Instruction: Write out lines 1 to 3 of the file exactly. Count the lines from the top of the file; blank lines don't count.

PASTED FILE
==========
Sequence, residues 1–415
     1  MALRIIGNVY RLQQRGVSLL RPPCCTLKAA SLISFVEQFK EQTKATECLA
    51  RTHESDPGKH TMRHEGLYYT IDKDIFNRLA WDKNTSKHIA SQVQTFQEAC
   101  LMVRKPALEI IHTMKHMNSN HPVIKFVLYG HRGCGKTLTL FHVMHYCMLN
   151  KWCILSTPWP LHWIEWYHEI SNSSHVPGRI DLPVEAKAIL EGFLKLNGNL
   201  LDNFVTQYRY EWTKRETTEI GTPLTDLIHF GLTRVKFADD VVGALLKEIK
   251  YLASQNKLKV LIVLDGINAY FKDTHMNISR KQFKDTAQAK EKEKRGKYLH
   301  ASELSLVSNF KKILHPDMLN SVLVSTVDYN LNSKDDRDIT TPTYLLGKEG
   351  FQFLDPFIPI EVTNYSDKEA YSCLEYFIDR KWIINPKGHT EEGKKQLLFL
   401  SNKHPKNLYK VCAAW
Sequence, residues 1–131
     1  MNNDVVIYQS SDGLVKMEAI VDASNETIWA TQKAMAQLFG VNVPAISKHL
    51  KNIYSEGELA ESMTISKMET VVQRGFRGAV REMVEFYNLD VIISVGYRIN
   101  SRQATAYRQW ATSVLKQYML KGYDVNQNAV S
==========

Sequence, residues 1–415
     1  MALRIIGNVY RLQQRGVSLL RPPCCTLKAA SLISFVEQFK EQTKATECLA
    51  RTHESDPGKH TMRHEGLYYT IDKDIFNRLA WDKNTSKHIA SQVQTFQEAC